Sunday, May 8th, 2016

The Cassandra Contest! Win $100 in a Short Story Contest

This contest is closed. Thanks to everyone who entered! Check back to see the winner by July 10, and check out our current contest: The Niobe Contest (for $300 this time!)


The Contest: Write a 5,000 word or less short story about the archetype below.

Deadline: June 30, 2016, by midnight

Entry fee: FREE!

Prize: $100 Visa eCard


You probably already know the story of Cassandra. It’s one of the most famous ancient myths involving the god Apollo.

There are different versions of the story, but in general it goes like this:

Cassandra was one of the daughters of King Priam of Troy, and was incredibly beautiful. The god Apollo took a fancy to her, and gave her the gift of prophecy. However, when Cassandra refused Apollo’s advances, his vindictive streak came out. He didn’t take away his gift—he did something much worse. He cursed Cassandra so that no one would ever believe her prophecies.

When she tried to warn everyone in Troy not to bring the Trojan Horse inside the gates, everyone in Troy ignored her. And in the dead of the night the Greeks came out of the Trojan Horse and destroyed Cassandra’s home and the people she loved.

So she was gifted to see the future, but cursed to be unheard, ignored, and overlooked.

In some versions, Cassandra tricks Apollo into giving her the gift of prophecy, promising to sleep with him or love him, then fails to follow through on her end of the bargain. (I can’t help but wonder if she saw something about her future as Apollo’s lover that made her change her mind . . .)

In other versions, Cassandra goes to the Temple of Apollo and his sacred snakes lick her ears, giving her the gift that way. So in this version she doesn’t trick him; he’s just bitchy about being refused.

(I can see Apollo being bitchy about her rejection whether she “tricked him” or not.)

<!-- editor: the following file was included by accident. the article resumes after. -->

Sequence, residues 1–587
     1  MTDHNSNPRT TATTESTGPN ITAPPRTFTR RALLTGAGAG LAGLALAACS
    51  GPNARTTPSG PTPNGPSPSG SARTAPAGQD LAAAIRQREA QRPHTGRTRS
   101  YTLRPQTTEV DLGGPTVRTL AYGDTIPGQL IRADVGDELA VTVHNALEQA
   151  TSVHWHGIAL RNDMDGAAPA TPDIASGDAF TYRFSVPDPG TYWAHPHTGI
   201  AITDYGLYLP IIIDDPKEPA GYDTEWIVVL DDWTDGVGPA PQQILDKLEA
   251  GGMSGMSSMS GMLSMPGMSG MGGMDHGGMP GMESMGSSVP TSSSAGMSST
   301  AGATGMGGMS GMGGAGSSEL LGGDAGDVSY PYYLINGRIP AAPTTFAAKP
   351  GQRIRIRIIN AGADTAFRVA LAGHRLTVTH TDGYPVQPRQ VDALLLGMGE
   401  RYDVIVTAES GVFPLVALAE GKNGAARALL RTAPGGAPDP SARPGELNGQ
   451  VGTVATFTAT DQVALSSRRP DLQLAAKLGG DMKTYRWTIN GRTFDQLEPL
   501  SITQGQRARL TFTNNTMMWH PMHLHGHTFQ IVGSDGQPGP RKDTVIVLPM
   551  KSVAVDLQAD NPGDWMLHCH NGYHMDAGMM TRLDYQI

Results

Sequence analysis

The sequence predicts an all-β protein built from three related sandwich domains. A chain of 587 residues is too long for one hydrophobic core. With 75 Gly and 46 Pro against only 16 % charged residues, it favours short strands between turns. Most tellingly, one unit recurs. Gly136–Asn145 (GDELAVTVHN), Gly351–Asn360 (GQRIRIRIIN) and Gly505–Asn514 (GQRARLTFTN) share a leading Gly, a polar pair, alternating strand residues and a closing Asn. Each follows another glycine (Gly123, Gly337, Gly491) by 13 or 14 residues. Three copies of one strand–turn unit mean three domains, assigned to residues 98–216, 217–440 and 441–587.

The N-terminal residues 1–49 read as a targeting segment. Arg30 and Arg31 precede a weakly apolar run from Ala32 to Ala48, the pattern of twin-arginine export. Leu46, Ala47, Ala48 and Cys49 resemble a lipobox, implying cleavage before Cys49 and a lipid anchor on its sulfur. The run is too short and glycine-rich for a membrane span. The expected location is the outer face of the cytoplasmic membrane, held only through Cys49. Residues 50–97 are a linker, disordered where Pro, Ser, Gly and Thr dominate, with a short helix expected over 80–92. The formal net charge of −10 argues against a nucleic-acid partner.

In modern times, we have something called the “Cassandra Complex,” or the “Cassandra Syndrome,” which happens when someone in the know gives us information or a warning, and we ignore them.

This is what’s happening when climate change deniers ignore climate change scientists.

Just like when Tim the Enchanter tried to warn Arthur and his knights about the killer rabbit. (Okay…that’s not exactly modern times…)


The Contest

Write a 5,000 word or less short story about the Cassandra myth.

Your Apollo doesn’t have to be a god (but he can). He can be an institution, a partner, a parent. He can be a sleazy boss who offers a new employee a big raise if only she’ll keep her mouth shut about the insider trading she’s caught onto.

Don’t forget to include the outcome of the situation. You can include dire consequences for everyone because Cassandra wasn’t heeded, or you can turn the situation around—redeem Cassandra and give her a way to finally make her voice heard. Give her vengeance on Apollo, or give her a way to finally get him on her side.

Maybe Cassandra starts a conspiracy theory blog, and her theories turn out to be right so everyone turns to Cassandra for guidance as the world collapses.

Your story doesn’t have to be set in Troy or ancient times. You can set it in modern times or on a spaceship. Turn it into a Western or steampunk, or even do the Jane Austen regency version.

You don’t have to tell the whole story. You can write a quick vignette, or get as sweeping and epic as you can in 5,000 words. You can focus on Cassandra’s point of view or Apollo’s. Be creative!


The Specifics

Deadline: June 30, 2016, by midnight

Entry fee: FREE!

Prize: $100 Visa eCard

I’ll judge entries based on:

— Word count. Please stick to 5,000 words or less. It can be much less, if you want. (I only have so much time to read entries, and it would be a shame to toss yours out because it’s too long!)

— Writing prowess. You don’t have to be Shakespeare, but just give it your best shot. An understanding of how to structure a story, how to use dialogue, and all that jazz will work in your favor. (Spelling, grammar, and typos count.)

— An understanding of the Cassandra and Apollo myth.


Send your entry to my email: Please paste your entry in the body of your email, since I won’t open attachments. The subject line should be “Cassandra Contest.” Please write your entry in English and in prose. You can email me any questions at the same address. I’ll have a winner by July 10. Subscribe to “Contest Announcements” at Mythraeum to see the winner.


Mythraeum currently hosts six of this short story contests a year. In 2017, one of the winning contest entries will be chosen for production as a short film.

We’re already well into preproduction for our first short, titled HEAT. We’re shooting in June! Read the short story being adapted here.

And be sure to enter your short story to have a chance to see it developed into a film!

Have fun arche-typers, and good luck!


© Mythraeum LLC 2016. The content of this article, except for quoted or linked source materials, is protected by copyright. Please contact the author at the above links to request usage.



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